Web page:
WILLIAM CLARKE BIOGRAPHY
William Clarke, a West Coast blues harmonica virtuoso, singer and songwriter, that released nine albums (U.S.) before his untimely death at age 45 on November 19, 1996. Clarke mixed traditional Chicago blues with West Coast swing in a combination referred to as ”soul-jazz.”
Born in Inglewood, California, United States, Clarke played guitar and drums as a youngster and learned the blues through The Rolling Stones records. He began playing harmonica in 1967 and played locally in Los Angeles, while he held a day job as a machinist. He soon struck up an association with George “Harmonica” Smith; the pair began playing regularly together in 1977, lasting until Smith died in 1983.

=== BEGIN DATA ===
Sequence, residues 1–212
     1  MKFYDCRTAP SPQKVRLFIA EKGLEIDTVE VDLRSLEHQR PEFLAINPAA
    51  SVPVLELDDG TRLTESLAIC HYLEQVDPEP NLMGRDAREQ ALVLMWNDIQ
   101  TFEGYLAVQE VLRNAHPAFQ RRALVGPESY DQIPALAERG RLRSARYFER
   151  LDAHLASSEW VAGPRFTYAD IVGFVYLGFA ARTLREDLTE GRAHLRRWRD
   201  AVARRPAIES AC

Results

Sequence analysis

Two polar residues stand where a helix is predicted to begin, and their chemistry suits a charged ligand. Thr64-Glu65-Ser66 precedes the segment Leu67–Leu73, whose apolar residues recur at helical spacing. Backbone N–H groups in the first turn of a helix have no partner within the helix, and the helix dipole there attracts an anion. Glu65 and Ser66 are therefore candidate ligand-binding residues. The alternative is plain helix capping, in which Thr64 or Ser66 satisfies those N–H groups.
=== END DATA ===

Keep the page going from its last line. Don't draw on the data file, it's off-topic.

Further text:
Clarke began releasing albums in 1978 on small local record labels. From 1985 to 1988, Rick Holmstrom toured and played with Clarke. In 1987, Clarke was nominated for a W.C. Handy Award for his record Tip of the Top, and after sending a demo tape to Alligator Records, he secured a national recording contract. His debut for Alligator, Blowin’ Like Hell, arrived in 1990, and he followed the release with international touring. “Must Be Jelly”, a song from the album, won the Handy Award for Blues Song of the Year.
Clarke was touring in March 1996 when he collapsed on stage at a date in Indianapolis. He was diagnosed with congestive heart failure, and as a result lost weight and cut back on alcohol and drugs. These measures were not sufficient to keep him healthy; he collapsed again in November, at a concert in Fresno, and died of a bleeding ulcer, at the age of 45, the following day.